Shapiro recalls stepping off the train and seeing the infamous sign which reads “arbeit macht frei,” which translates to “Work makes one free.” Here the women were forced to undress, shaved of all body hair and taken into showers. Shapiro’s shoes were discarded into a large pile. She was devastated to lose the only memory of her family—a photo she had hidden in her shoe.
Here she saw a man who hid in her parents’ bunker. He told her that her parents were sent to the gas chambers.
And she became a number: A12515 was painfully tattooed on her forearm. “A is for Auschwitz, and this is my number. There were no more names. You were known by your number,” she says. “They put points on the [tattoo] numbers so it hurt more; everything was to make you suffer you more.”
She painfully shares some of the atrocities she witnessed, including the story of a woman who was shot to death for carrying eggs in her underwear, and the horror of a child the Nazis ripped from a mother’s arms and threw into the air to use as a human clay pigeon.
More than once she found herself in a line while Dr. Josef Mengela—a Nazi physician notorious for performing cruel, unscientific medical experiments on inmates—selected subjects. She is thankful she was never selected. “After he performed selection, you would hear crying and screaming from the barracks all night and in the morning, the stink of burning flesh and bones permeated the camp,” she says.
For two years Shapiro endured the atrocities at Auschwitz until Nazis abandoned the camp. Reduced to skin and bones, Shapiro found herself part of a forced death march further into Germany to stay ahead of the advancing Russians. She was removed just days before Auschwitz was liberated, and spent four months in Ravensbruck when she was rescued.
Today Shapiro doesn’t focus on the horrible things she’s seen. She views her experiences as opportunities to educate others so it never happens again. “I was the youngest of five siblings and I was spoiled. Yet I survived. None of my siblings survived,” she says. “We need to remember it happened. It’s my duty to talk about this because I survived. God gave me the strength—this was meant for me.”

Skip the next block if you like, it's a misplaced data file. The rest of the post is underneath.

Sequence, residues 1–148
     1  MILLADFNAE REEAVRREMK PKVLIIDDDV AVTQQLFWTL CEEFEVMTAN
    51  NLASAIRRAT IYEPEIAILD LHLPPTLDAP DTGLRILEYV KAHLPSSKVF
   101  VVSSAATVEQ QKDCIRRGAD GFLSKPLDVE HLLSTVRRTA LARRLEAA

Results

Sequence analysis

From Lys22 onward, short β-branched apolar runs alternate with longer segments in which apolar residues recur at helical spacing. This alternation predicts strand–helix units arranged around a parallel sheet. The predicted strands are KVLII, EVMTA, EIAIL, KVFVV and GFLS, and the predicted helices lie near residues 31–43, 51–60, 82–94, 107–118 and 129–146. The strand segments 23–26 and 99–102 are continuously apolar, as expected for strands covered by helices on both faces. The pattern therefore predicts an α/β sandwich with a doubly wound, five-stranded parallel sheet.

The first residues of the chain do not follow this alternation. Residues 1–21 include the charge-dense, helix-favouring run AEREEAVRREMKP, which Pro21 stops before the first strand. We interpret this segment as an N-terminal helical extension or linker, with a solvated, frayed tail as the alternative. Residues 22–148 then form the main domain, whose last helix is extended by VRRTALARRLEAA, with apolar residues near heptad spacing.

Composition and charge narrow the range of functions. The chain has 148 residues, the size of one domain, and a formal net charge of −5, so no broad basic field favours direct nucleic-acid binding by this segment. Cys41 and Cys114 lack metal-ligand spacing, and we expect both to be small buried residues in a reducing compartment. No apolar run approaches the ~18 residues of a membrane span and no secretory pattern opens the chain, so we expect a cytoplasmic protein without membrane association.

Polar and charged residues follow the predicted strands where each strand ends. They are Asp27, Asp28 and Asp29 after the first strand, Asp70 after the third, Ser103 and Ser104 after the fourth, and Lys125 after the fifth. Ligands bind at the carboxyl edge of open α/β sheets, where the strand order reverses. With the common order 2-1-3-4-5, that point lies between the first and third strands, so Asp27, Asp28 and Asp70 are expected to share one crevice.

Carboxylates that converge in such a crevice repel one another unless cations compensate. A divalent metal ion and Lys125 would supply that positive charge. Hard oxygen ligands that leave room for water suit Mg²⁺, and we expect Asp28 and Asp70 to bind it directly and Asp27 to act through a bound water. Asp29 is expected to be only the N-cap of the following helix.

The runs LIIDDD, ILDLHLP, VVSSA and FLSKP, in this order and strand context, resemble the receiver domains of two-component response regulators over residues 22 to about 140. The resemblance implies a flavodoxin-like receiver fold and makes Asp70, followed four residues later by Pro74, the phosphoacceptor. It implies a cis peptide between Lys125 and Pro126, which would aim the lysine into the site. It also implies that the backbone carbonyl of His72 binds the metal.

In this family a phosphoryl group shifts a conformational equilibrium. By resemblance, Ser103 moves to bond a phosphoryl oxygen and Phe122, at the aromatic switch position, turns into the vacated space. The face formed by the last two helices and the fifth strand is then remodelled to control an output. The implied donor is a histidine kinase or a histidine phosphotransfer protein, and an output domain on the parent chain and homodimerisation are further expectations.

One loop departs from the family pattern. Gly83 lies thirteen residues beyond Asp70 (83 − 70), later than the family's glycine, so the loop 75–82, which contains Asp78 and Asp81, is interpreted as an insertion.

But she wasn’t always forthcoming. For decades Shapiro tried to forget the horror, and kept the gruesome stories to herself; she didn’t even share with her husband. That changed in 1976 when a book was published that denied the holocaust ever took place.
“I said, ‘look at me; I’m here, I lost my whole family, I went to Auschwitz, and he is telling me it never happened?’” she exclaims and says her husband convinced her to talk so it didn’t happen again.
She hopes her experiences help others find peace. “I look around and see people always fighting. I think ‘maybe if I talk about it, maybe people will come closer to one another and see that we are the same people.’ We want peace, good work and the chance to have our children grow up in a better world,” she says, adding that she believes in humanity. “When I was in camp, perfect strangers helped us. We didn’t know them from anything, and for strangers to help me…I believe in humanity.”
In 1946 Shapiro met her husband Philip, who also lost his family during the holocaust, and was in hiding for two years. The couple immigrated to the United States in 1949 and eventually moved to Baltimore where they owned a kosher meat market.
Shapiro has returned to Auschwitz twice with family members. She recalls that she didn’t want to go in. “The tour guide told me to go in and he took a picture of me coming out.” The visits remind her how lucky she is to be a survivor.
She frequently speaks publicly about her experiences in the hope she can help prevent it from ever happening again. “I’m grateful to God that he gives me the strength to still talk about it at my age. If you save one person, you save a whole generation.”